Moon Machine are a prog-metal band from Somerville, Boston, evolving out of the band Space Ink, and this eponymously named record is their debut album. Musically, it’s an eclectic mix of styles and influences, almost defying conventional genres, but heavily grounded in prog metal, with nods given to bands like Opeth (minus the death metal) Anathema and Porcupine Tree, featuring spacey atmospherics and several aggressive headbanging riffs, alongside some beautifully performed piano pieces and intense crescendos, all combining to make this a very positive debut. The album contains two prog metal songs and two spacier rock ballads, though there’re considerable overlaps between them, and one sixteen-minute piece divided into three parts.
Moon Machine are quite a socially aware band, stating any profits from this album will be donated to charities working for Mental Health causes which, they claim, are prevalent in their generation of millennials.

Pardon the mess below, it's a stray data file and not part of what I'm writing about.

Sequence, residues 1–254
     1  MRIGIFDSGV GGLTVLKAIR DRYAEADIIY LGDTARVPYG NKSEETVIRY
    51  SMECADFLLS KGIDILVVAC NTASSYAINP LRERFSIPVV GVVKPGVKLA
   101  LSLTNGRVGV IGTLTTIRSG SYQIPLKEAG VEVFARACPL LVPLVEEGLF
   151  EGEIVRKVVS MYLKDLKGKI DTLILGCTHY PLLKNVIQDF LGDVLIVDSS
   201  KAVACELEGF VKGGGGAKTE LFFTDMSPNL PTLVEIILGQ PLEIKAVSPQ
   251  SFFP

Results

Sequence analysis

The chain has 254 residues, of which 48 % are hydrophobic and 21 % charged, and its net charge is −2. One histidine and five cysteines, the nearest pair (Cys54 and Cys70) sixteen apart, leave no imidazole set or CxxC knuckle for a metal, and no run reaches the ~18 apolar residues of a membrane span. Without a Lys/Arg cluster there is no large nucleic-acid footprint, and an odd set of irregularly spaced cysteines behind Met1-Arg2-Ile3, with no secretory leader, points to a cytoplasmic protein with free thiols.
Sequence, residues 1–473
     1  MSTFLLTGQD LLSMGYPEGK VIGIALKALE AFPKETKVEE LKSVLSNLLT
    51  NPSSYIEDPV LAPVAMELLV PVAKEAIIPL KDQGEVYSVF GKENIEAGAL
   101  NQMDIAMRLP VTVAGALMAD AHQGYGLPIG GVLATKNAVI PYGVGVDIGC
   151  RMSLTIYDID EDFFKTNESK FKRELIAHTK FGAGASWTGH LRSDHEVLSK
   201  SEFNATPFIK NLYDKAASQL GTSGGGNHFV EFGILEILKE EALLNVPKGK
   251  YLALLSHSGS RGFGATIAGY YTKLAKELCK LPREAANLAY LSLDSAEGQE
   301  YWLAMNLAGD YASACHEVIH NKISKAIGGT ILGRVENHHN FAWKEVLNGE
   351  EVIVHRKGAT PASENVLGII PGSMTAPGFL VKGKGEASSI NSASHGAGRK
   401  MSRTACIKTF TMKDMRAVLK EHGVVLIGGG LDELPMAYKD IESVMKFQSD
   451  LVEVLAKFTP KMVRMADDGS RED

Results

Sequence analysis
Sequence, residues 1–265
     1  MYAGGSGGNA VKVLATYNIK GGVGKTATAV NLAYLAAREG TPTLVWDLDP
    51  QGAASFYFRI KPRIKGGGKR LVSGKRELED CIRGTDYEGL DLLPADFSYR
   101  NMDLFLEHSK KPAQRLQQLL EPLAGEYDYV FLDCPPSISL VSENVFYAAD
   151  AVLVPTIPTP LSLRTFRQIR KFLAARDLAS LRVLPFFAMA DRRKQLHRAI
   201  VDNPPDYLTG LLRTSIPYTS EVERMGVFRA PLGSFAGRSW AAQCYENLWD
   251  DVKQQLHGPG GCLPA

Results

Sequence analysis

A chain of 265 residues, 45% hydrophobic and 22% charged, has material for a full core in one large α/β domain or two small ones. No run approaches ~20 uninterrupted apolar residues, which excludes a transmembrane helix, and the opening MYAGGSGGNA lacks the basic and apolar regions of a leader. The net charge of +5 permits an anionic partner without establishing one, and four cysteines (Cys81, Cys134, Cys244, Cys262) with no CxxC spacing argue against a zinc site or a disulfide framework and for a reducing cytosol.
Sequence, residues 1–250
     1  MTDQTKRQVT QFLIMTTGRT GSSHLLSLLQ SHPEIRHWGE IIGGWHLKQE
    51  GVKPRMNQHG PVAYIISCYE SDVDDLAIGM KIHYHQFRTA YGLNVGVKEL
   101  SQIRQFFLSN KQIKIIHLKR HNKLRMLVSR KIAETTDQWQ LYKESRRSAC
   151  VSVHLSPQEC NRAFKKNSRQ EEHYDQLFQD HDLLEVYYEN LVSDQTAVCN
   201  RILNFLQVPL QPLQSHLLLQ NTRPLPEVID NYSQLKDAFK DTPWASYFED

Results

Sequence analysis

‘Reckoning’ has been released as a single and, played out with prog metal riffs, is a song about war criminals. ‘Left to Wander’ sounds like it’s from Porcupine Tree’s Lightbulb Sun period, and quietly intense with spacey guitar work and vocals sounding almost ethereal in places. ‘The Cave’ and ‘Demons05’ are melodic prog with ‘The Cave’ backed in parts by a wall of sound a la Devin Townsend.
It’s the sixteen-minute, three-part ‘Post-Upgrade,’ a piece about a man’s changing relationship with Artificial Intelligence, which is the album’s defining piece. Part 1, ‘Discovery,’ is a short instrumental before part 2, ‘Grief,’ kicks in with a heavy blast of prog metal guitar, and a lengthy fade-out owing not a little to Rush’s Cygnus-X1. The third part, ‘Requiem,’ begins with a short piece featuring flute and acoustic, which is followed by one minute of complete silence, then a guitar note fades in which gradually becomes distorted and louder while descending in tone as it progresses and fades away, followed by short bursts of the almost apocalyptic noise of a machine ceasing up and then, to the sounds of an incessant alarm, it stops dead!
Moon Machine haven’t exactly rediscovered gravity with this album, but it’s an enjoyable romp through some fine progressive rock with a collection of tunes which suggests the band has a future if further albums like this are in the offing, and if this album is successful, they say another will follow. Currently, the band are just a studio entity and have yet to play live because of the impact of guess what?… but once lockdown conditions ease and venues reopen, their intent is to take their music on the road, and it’ll be interesting to see if they can reproduce this on stage.